We here at Substream love to give you our fresh takes on the best new theatrical and VOD releases, but what if you love something enough to want to own a physical copy? This is our rundown of this week’s best new releases on DVD and Blu-ray, so that you know what films to add to your home video library.
Captain America: Civil War
Captain America: Civil War picks up where Avengers: Age of Ultron left off, as Steve Rogers leads the new team of Avengers in their continued efforts to safeguard humanity. After another international incident involving the Avengers results in collateral damage, political pressure mounts to install a system of accountability and a governing body to determine when to enlist the services of the team. The new status quo fractures the Avengers while they try to protect the world from a new and nefarious villain.
Popstar: Never Stop Never Stopping
Singer/rapper Conner4Real (Andy Samberg) faces a crisis of popularity after his sophomore album flops, leaving his fans, sycophants and rivals all wondering what to do when he’s no longer the dopest star of all.
The Conjuring 2
Lorraine and Ed Warren travel to north London to help a single mother raising four children alone in a house plagued by malicious spirits.
One of the most talented, influential, and iconoclastic filmmakers of all time, Brian De Palma’s career started in the ’60s and has included such acclaimed and diverse films as Carrie, Dressed to Kill, Blow Out, Scarface, The Untouchables, Carlito’s Way, and Mission: Impossible. In this lively, illuminating and unexpectedly moving documentary, directors Noah Baumbach and Jake Paltrow engage in a personal and candid discussion with De Palma, exploring not only his life and work but also his singular approach to the craft of filmmaking and his remarkable experiences navigating the film business, from his early days as the bad boy of New Hollywood to his more recent years as a respected veteran of the field.
Toni trains as a boxer with her brother at a community center in Cincinnati’s West End, but becomes fascinated by the dance team that also practices there. Enamored by their strength and confidence, Toni eventually joins the group, eagerly absorbing routines, mastering drills, and even piercing her own ears to fit in. As she discovers the joys of dance and of female camaraderie, she grapples with her individual identity amid her newly defined social sphere. Shortly after Toni joins the team, the captain faints during practice. By the end of the week, most of the girls on the team suffer from episodes of fainting, swooning, moaning, and shaking in a seemingly uncontrollable catharsis. Soon, however, the girls on the team embrace these mysterious spasms, transforming them into a rite of passage. Toni fears “the fits” but is equally afraid of losing her place just as she’s found her footing. Caught between her need for control and her desire for acceptance, Toni must decide how far she will go to embody her new ideals.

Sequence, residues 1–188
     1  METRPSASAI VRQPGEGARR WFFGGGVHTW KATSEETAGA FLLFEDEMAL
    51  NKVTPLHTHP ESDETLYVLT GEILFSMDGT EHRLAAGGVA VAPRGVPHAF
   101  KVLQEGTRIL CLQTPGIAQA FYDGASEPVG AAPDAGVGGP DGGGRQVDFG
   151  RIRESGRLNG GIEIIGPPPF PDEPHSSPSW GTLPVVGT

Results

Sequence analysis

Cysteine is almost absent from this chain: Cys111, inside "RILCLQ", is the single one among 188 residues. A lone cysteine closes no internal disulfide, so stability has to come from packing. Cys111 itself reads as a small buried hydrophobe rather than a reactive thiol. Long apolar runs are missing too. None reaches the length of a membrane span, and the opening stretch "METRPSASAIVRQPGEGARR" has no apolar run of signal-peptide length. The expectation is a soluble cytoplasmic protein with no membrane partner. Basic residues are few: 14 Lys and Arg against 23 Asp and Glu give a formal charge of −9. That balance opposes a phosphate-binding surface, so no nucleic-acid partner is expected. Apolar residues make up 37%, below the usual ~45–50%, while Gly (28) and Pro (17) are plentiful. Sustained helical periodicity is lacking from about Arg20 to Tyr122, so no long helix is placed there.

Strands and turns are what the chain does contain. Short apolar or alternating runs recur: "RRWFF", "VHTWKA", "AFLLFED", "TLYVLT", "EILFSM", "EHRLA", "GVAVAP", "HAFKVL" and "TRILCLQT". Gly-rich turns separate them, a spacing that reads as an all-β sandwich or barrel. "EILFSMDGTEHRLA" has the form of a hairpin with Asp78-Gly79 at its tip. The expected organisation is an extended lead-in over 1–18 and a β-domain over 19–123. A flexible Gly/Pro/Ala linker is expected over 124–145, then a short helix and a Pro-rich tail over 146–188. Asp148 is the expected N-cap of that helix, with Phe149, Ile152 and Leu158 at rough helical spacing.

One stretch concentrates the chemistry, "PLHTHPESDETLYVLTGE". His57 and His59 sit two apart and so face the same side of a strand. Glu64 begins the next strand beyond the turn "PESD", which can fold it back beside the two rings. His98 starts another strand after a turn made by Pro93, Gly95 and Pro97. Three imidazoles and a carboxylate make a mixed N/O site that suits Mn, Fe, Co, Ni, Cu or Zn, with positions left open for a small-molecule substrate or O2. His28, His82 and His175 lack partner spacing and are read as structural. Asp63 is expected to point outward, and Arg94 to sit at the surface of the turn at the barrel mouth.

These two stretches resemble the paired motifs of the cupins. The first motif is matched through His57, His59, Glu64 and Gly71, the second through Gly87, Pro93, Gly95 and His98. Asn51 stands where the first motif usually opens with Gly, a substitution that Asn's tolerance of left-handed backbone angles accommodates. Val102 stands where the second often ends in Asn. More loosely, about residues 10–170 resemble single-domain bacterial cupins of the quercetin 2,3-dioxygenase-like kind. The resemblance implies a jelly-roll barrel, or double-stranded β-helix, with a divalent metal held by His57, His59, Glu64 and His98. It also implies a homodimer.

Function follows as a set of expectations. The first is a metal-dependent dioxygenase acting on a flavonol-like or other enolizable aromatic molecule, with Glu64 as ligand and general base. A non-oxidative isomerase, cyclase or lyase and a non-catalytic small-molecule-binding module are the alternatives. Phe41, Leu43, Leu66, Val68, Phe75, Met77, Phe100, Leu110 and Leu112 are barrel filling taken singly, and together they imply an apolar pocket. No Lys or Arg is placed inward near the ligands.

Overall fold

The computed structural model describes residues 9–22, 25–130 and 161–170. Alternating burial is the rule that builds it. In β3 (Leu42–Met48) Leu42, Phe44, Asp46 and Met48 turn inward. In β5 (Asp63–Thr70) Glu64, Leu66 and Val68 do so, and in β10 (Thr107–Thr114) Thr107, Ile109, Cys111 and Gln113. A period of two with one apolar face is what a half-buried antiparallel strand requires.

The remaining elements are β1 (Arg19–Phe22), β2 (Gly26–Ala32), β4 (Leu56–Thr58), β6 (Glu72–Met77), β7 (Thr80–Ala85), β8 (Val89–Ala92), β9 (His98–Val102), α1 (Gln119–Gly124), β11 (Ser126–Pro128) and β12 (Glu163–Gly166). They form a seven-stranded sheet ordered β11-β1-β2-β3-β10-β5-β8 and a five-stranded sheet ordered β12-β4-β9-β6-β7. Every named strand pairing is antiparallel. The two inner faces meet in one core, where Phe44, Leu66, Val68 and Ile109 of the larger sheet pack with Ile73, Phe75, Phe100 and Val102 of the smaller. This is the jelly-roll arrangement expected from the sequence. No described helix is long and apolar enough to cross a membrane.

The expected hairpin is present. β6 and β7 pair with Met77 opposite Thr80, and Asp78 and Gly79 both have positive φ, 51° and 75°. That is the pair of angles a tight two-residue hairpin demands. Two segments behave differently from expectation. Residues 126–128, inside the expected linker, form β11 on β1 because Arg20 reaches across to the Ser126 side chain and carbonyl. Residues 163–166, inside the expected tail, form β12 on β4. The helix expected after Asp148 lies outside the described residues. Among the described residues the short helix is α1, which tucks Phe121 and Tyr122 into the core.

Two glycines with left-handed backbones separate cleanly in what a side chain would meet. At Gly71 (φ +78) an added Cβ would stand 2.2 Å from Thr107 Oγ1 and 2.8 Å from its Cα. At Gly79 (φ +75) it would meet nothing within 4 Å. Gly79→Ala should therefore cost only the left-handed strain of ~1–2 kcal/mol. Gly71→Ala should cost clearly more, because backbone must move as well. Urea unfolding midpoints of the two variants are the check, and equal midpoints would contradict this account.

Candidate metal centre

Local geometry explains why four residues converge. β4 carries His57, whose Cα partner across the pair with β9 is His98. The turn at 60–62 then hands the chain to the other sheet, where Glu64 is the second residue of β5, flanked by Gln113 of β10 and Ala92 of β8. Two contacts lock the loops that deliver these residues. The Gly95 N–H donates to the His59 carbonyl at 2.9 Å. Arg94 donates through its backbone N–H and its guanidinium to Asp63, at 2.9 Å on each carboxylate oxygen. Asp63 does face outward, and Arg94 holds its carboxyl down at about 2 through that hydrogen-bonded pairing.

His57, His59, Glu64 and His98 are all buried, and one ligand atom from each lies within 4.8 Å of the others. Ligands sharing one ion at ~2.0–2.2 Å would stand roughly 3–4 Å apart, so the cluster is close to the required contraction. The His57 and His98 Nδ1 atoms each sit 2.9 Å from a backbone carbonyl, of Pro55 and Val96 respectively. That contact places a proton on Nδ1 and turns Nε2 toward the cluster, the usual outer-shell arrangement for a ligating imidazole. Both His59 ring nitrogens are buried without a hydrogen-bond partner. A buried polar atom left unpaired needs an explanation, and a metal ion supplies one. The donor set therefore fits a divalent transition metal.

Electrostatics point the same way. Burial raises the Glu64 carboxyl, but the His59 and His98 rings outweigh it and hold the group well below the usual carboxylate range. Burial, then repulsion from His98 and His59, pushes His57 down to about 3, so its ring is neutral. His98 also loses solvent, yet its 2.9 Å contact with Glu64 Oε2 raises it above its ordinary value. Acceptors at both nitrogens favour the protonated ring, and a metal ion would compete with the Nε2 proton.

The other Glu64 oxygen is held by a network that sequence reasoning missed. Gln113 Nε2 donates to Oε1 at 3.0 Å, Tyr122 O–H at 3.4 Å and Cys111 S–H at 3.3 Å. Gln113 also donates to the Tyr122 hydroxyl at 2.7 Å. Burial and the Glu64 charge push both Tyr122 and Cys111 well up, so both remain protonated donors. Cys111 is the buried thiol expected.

The Story of the Last Chrysanthemum
NEW TO THE CRITERION COLLECTION: This heartrending masterpiece by Kenji Mizoguchi about the give-and-take between life and art marked the first full realization of the hypnotic long takes and eloquent camera movements that would come to define the director’s films. Kikunosuke (Shotaro Hanayagi), the adopted son of a legendary kabuki actor who is striving to achieve stardom by mastering female roles, turns to his infant brother’s wet nurse for support and affection—and she soon gives up everything for her beloved’s creative glory. Offering a fascinating glimpse behind the scenes of kabuki theater in the late nineteenth century, The Story of the Last Chrysanthemum provides a critique of the oppression of women and the sacrifices required of them, and represents the pinnacle of Mizoguchi’s early career.
Zatoichi the Blind Swordsman
NEW TO THE CRITERION COLLECTION: The colossally popular Zatoichi films make up the longest-running action series in Japanese history and created one of the screen’s great heroes: an itinerant blind masseur who also happens to be a lightning-fast swordsman. As this iconic figure, the charismatic and earthy Shintaro Katsu became an instant superstar, lending a larger-than-life presence to the thrilling adventures of a man who lives staunchly by a code of honor and delivers justice in every town and village he enters. The films that feature him are variously pulse-pounding, hilarious, stirring, and completely off-the-wall. This deluxe set features the string of twenty-five Zatoichi films made between 1962 and 1973, collected in one package for the first time.